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|Archives - December 2009|
|Sunday, November 22, 2009|
He chose an industry you wouldn’t expect in this recession — the housing industry.
Making a large capital investment (in a quantity Boydstun would not disclose), he took three years to retrain his engineers from Boydstun Metal Works, which he closed in April. The business, Miranda Homes, is using the same facilities his car business did to build homes in Oregon. It’s raising eyebrows both locally and nationally because they just might be the most sustainable and energy-efficient homes being built in the state right now.
“We’re going back to the way homes used to be built,” Boydstun says. “We are building the whole house.”
Contracted to build 20 homes in Newport, the company sold its first house on Oct. 6, before it was completed. Located in Clackamas near 132nd Avenue, it went for $285,000.
“Miranda is showing that you can build a more energy-efficient house and the house could end up costing less,” says Mike O’Brien, a green building specialist at Portland’s Office of Sustainable Development.
The outside of the house doesn’t reveal that the frame is made out of recycled steel. And rather than being built on site, large pieces of the home are assembled at Boydstun’s Clackamas plant and then transported to the site where the panels are pieced together.
That makes the house so well insulated that the National Association of Home Builders, which is monitoring the energy efficiency of the home in Clackamas by measuring air flow and changes in temperature and humidity, estimates the house’s energy consumption will be around 50% of an average house.
“Headed toward 50% in energy efficiency savings is big,” says Amber Wood, a program manager at the National Association’s Research Center. “They’re going to be a leader in energy efficiency, nationally.”
“Their envelope is much better than a site-built house. It’s flawless,” says O’Brien.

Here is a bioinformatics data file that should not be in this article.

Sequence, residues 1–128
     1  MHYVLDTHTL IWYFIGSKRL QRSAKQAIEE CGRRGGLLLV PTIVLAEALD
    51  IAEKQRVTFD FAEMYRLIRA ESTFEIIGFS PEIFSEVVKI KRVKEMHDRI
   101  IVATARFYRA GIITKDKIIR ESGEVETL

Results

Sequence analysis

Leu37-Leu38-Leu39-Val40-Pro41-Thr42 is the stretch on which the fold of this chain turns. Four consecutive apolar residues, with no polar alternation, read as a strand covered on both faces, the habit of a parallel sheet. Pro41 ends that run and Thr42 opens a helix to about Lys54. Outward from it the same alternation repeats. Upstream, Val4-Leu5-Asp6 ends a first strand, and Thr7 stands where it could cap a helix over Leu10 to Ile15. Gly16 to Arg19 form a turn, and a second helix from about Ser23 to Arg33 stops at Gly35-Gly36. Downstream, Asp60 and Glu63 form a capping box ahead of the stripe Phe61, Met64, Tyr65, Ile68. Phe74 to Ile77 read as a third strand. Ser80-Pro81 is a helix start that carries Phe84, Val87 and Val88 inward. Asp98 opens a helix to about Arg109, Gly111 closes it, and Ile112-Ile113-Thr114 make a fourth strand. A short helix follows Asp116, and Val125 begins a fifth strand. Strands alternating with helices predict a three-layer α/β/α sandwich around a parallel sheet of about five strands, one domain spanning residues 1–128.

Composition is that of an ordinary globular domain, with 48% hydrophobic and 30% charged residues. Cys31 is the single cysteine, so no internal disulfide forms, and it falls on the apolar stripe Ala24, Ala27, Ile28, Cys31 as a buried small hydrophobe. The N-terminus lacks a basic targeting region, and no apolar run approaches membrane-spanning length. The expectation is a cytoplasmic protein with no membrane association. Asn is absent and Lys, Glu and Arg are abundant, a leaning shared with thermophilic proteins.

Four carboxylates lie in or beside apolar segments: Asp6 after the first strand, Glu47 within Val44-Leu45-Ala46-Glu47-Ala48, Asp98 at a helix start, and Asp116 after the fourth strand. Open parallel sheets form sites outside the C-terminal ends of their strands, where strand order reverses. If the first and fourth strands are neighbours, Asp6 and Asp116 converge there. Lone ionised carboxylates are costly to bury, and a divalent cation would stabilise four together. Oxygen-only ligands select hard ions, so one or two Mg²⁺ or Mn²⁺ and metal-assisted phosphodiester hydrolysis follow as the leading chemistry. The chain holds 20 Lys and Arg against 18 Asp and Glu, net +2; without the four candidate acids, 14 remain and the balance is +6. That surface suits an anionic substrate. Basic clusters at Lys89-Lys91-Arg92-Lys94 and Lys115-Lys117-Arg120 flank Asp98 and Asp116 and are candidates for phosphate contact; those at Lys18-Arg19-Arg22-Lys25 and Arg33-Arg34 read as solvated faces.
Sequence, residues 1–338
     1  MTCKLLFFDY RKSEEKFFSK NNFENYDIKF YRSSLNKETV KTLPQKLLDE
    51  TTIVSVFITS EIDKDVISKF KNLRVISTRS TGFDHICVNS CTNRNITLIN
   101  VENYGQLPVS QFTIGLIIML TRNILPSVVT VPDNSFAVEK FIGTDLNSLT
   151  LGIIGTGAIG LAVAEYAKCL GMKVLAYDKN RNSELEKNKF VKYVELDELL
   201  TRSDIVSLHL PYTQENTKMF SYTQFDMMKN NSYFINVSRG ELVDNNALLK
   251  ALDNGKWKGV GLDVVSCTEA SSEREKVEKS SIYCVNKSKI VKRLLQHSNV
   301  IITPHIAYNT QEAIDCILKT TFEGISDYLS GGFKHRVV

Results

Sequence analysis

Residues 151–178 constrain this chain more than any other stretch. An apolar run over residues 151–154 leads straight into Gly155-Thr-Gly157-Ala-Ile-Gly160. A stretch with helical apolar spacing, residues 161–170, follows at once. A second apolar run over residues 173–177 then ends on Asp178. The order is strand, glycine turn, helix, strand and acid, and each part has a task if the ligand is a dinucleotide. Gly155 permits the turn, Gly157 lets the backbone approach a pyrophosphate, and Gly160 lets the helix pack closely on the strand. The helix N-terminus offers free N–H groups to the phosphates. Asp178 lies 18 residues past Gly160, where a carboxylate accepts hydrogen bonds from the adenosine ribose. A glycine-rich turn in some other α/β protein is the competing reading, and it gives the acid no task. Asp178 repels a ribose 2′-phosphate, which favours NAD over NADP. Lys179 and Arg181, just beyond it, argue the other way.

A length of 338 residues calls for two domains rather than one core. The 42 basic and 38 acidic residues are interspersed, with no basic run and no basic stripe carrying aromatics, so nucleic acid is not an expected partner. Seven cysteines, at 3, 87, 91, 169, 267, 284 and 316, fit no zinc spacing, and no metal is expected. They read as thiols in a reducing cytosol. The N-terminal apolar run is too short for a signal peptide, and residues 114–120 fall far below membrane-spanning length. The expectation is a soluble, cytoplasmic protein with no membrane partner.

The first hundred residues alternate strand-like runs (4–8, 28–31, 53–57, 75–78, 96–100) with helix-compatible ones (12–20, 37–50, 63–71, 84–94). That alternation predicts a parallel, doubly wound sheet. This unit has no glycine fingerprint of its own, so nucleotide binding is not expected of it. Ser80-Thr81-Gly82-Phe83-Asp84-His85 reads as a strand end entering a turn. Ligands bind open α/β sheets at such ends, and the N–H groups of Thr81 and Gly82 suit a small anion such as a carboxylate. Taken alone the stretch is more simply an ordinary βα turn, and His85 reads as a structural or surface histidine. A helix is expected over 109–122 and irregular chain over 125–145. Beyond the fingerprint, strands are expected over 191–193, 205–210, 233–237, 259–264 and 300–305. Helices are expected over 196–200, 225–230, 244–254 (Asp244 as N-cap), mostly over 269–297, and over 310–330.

And it was all done in 48 days, with Miranda’s 15 employees and four subcontractors doing electrical, plumbing, HVAC and landscaping — unlike the usual six months and numerous contractors.
Rather than using subcontractors, Miranda’s engineers are cross-trained. Wood says that “bringing everybody back in adds a lot of aspects of making it easier to build a house.” Miranda Homes also owns all of its own equipment.
Wood says it is that capital investment that’s key to Miranda’s uniqueness, funding the numerous up-front costs associated with bringing the various trades in home building in-house.
Boydstun, who knew nothing about building homes three years ago, was able to create Miranda’s business model and way of building homes — both radically different from typical home builders — because he and his engineers were able to approach home building from a completely different perspective.
“It’s not that it hasn’t been figured out,” Wood says. “It is somewhat unusual to combine everything the way Miranda Homes has.”
Correction, published Dec. 17, 2009:
The facility where Miranda Homes are being built was mistated; they are being built on privately owned property that was used by Boydstun Metal Works for R&D. Also, Miranda Homes is cross training its site workers, not engineers, instead of using subcontractors
Wednesday, June 03, 2015
As part of our green workplaces story, Oregon Business checked out a community service project undertaken by Portland Youth Builders, a nonprofit alternative high school. In partnership with Whole Foods, PYB built garden boxes for a Home Forward housing site. Home Forward is a government agency that provides housing for low income residents and people with disabilities.
Wednesday, July 01, 2015
There are more than 10 million former military members working in the United States.
Friday, July 10, 2015
BY LINDA BAKER
Market of Choice is on a tear. In 2012 the 35-year-old Eugene-based grocery chain opened a central kitchen/distribution center in its hometown. The market opened its third Portland store in the Cedar Mill neighborhood this year; another outpost in Bend broke ground in March. A fourth Portland location is slated for the inner southeast “LOCA” development, a mixed-use project featuring condos and retail. Revenues in 2014 were $175 million, a double-digit increase over 2013. CEO Rick Wright discusses growth, market trends and how he keeps new “foodie” grocery clerks happy.
Thursday, June 11, 2015
In 2014, total revenue for camping and day use in Oregon State Parks was a little more than $17 million. That figure may even higher this year "because we've had exceptionally nice weather," Hughes says.
Wednesday, July 15, 2015
We asked readers to weigh in on the fossil fuel-green energy equation.
Thursday, July 09, 2015
The sweltering weather didn't keep the crowds away. Although the numbers were down slightly from last year, the Oregon Food Bank raised $850,636 to fight hunger. About 80,000 people attended despite temperatures in the upper 90s.
Monday, June 22, 2015
The Clean Fuels/gas tax trade off will go down in history as another disjointed, on-again off-again approach to city and state lawmaking.
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